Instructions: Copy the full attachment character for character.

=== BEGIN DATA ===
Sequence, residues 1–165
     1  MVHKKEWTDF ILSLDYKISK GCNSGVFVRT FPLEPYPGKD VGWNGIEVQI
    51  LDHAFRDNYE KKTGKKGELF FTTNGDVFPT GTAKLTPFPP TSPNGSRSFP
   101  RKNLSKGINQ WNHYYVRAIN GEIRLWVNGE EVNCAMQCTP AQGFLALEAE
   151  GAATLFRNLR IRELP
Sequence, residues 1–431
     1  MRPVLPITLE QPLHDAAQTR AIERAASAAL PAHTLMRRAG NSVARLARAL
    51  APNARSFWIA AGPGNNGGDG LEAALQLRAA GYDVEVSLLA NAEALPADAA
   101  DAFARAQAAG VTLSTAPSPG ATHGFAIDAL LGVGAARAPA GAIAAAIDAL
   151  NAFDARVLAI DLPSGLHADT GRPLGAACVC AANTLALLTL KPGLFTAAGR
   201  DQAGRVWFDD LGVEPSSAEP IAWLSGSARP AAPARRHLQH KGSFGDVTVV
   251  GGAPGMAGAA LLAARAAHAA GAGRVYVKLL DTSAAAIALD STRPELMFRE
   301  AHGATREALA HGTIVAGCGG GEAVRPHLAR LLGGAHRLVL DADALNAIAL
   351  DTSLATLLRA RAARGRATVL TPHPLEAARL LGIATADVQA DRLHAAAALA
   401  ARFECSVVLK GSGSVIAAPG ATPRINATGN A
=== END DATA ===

Sequence, residues 1–165
     1  MVHKKEWTDF ILSLDYKISK GCNSGVFVRT FPLEPYPGKD VGWNGIEVQI
    51  LDHAFRDNYE KKTGKKGELF FTTNGDVFPT GTAKLTPFPP TSPNGSRSFP
   101  RKNLSKGINQ WNHYYVRAIN GEIRLWVNGE EVNCAMQCTP AQGFLALEAE
   151  GAATLFRNLR IRELP
Sequence, residues 1–431
     1  MRPVLPITLE QPLHDAAQTR AIERAASAAL PAHTLMRRAG NSVARLARAL
    51  APNARSFWIA AGPGNNGGDG LEAALQLRAA GYDVEVSLLA NAEALPADAA
   101  DAFARAQAAG VTLSTAPSPG ATHGFAIDAL LGVGAARAPA GAIAAAIDAL
   151  NAFDARVLAI DLPSGLHADT GRPLGAACVC AANTLALLTL KPGLFTAAGR
   201  DQAGRVWFDD LGVEPSSAEP IAWLSGSARP AAPARRHLQH KGSFGDVTVV
   251  GGAPGMAGAA LLAARAAHAA GAGRVYVKLL DTSAAAIALD STRPELMFRE
   301  AHGATREALA HGTIVAGCGG GEAVRPHLAR LLGGAHRLVL DADALNAIAL
   351  DTSLATLLRA RAARGRATVL TPHPLEAARL LGIATADVQA DRLHAAAALA
   401  ARFECSVVLK GSGSVIAAPG ATPRINATGN A